The 1979 Lancaster House constitution which was replaced by the new constitution has a decent bill of rights, but that didn’t stop the current government from grossly abusing the rights of its citizens. As long as voting in Africa generally and Zimbabwe more specifically is not about who is sufficiently qualified to lead the country and about voting for our ‘heroes’ we might as well work without a constitution as Robert Mugabe or Morgan Tsvangirai (if he had won) will not hesitate to amend sections of the constitution that do not help them fulfill their self-interested agendas.

    A few days before Robert Mugabe signed the new constitution into law, Morgan Tsvangirai, the leader of MDC-T threatened to shut down newspapers that write negatively about him. Officially launching his party’s national policy conference in Harare on Friday the 17th of May 2013, Morgan Tsvangirai said he was tired of receiving negative coverage from the public media. “You cannot have a newspaper with six articles saying Tsvangirai this and Tsvangirai that; everyday! Regai vakadaro. But musi umwe gava richadambura musungo (Let them be. But one day, things will go bad for them). That kind of a media has no future in a democratic Zimbabwe. I want to tell you this. Muchadya izvozvo. (You will be victims of your doings)”, he said.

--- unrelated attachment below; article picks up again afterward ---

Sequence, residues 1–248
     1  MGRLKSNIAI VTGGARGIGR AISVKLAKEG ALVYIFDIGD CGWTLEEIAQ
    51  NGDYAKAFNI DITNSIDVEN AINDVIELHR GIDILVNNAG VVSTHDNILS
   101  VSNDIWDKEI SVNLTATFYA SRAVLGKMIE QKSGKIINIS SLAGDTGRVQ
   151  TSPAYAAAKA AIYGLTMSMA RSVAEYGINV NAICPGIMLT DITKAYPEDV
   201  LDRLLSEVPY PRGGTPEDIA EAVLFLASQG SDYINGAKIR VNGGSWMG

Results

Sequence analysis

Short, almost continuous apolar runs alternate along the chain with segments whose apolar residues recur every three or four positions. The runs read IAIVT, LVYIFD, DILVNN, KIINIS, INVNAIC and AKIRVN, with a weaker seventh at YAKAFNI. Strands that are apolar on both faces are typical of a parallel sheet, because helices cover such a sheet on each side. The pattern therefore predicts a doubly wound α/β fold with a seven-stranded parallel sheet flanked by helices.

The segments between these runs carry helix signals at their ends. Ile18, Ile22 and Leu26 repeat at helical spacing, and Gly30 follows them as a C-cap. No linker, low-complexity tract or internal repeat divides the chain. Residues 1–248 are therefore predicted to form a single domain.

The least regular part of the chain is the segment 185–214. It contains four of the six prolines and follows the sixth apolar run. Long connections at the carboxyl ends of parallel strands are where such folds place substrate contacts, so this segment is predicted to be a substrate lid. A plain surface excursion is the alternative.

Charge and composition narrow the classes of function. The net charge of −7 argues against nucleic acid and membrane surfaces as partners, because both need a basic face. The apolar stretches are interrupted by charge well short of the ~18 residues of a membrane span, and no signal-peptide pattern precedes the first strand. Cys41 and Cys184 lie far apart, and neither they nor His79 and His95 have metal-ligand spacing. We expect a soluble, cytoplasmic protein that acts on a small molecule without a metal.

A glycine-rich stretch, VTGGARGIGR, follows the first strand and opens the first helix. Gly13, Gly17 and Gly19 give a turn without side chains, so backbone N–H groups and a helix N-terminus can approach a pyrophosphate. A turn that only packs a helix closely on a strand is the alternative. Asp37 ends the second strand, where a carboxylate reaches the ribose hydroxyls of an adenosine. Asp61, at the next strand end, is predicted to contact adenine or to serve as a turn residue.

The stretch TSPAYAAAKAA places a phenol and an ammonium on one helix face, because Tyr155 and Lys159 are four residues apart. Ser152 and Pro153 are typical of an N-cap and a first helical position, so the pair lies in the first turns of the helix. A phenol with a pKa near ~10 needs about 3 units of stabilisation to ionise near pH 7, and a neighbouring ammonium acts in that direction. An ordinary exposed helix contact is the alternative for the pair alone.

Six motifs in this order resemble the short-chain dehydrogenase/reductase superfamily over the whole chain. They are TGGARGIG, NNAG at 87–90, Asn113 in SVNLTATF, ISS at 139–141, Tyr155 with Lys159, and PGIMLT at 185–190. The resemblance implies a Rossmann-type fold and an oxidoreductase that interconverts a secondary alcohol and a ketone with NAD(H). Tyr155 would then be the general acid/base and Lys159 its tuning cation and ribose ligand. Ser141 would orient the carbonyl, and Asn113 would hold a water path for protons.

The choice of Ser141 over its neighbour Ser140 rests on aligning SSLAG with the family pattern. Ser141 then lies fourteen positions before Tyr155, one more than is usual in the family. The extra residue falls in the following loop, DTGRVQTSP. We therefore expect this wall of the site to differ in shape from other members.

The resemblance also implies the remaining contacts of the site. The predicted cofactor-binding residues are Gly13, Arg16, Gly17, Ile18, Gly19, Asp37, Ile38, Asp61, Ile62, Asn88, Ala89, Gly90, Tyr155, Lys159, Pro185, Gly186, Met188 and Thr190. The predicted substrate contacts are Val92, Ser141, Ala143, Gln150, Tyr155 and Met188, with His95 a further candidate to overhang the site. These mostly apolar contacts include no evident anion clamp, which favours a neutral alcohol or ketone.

He makes it clear that he does not respect a right as basic as freedom of expression. A constitution, no matter how brilliant in the hands of either Robert Mugabe or Morgan Tsvangirai is not of much use. That’s why I did not get excited about the new constitution. As long as us, as Zimbabweans don’t seriously rethink how we vote our leaders into power, we can forget about the effectiveness of a good constitution.

    In conclusion, I will borrow again from the words of Tsitsi Dangarmbga: “We have to sew love, harmony, respect, collaboration, trust, honesty, diligence, fairness and prosperity for all in our nation. We have to vote into power women and men of the spirit who can sow these things in our country. Then we shall see the Zimbabwe we want”.